Software company Autodesk has failed in its bid to prevent the second-hand sale of its software. In a long-running legal battle it has not been able to convince a court that its software is merely licensed and not sold.
Like many software publishers Autodesk claims that it sells only licences to use its software and that those who pay for it do not necessarily have the right to sell it on. It sued Timothy Vernor, who was selling legitimate copies of Autodesk software on eBay, for copyright infringement.
The US District Court for the Western District of Washington has backed Vernor, though, in his claim that he owned the software and had the right to sell it on.
The Court said that there were two cases to use as a precedent and that they clashed fundamentally. It had no choice, it said, but to follow the earlier precedent, which was a dispute over the ownership of prints of Hollywood films sold to film stars.
While many of the film copies were explicitly only licensed, the court had previously found that in one case, involving Vanessa Redgrave, the agreement had transferred ownership of the print to the actress. This is called the Wise case.
One major consideration in that was the fact that the studio did not have the right, as it did in other agreements, to demand the return of the print.
The Court said that though the issue was complicated, software agreements were similar enough to those film agreements to act as a precedent.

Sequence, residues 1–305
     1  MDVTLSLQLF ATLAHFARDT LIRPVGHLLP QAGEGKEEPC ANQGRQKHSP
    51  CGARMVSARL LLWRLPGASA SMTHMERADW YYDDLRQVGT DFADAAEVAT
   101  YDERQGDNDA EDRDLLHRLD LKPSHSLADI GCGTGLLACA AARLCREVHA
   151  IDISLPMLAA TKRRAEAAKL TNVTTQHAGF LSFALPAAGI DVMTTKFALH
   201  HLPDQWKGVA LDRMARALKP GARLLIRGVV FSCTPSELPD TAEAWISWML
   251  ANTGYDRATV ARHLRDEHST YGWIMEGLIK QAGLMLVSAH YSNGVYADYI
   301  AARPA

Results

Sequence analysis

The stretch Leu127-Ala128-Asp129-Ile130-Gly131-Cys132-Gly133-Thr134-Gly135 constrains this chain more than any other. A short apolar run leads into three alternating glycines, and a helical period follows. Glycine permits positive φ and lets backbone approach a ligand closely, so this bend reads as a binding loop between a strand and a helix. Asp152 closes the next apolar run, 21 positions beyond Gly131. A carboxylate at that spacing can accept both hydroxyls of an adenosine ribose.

"The Autodesk License is a hodgepodge of terms that, standing alone, support both a transfer of ownership and a mere license," said the ruling. "Autodesk expressly retains title to the 'Software and accompanying materials,' but it has no right to regain possession of the software or the 'accompanying materials'. Licensees pay a single up-front price for the software. Autodesk can require the destruction of the software, but only as consideration in the later purchase of an upgrade."
"The court concludes that Wise leads to the conclusion that the transfer of AutoCAD copies via the License is a transfer of ownership," it said.
The Court said that it had to follow that case's precedent because it was older than another conflicting ruling, and that it could not choose a precedent based on the most desirable policy.
"The court’s decision today is not based on any policy judgment. Congress is both constitutionally and institutionally suited to render judgments on policy; courts generally are not," the Court ruled. "Precedent binds the court regardless of whether it would be good policy to ignore it."
The Court did say, though, that Autodesk's claims that Vernor's actions were likely to result in the creation and sale of illegal copies of its AutoCAD software were not well founded.
"Autodesk’s claim that Mr. Vernor promotes piracy is unconvincing," the ruling said. "Mr. Vernor’s sales of AutoCAD packages promote piracy no more so than Autodesk’s sales of the same packages. Piracy depends on the number of people willing to engage in piracy, and a pirate is presumably just as happy to unlawfully duplicate software purchased directly from Autodesk as he is to copy software purchased from a reseller like Mr. Vernor."
Vernor had tried to argue that Autodesk's behaviour in suing him amounted to a misuse of its copyrights. The Court rejected that claim.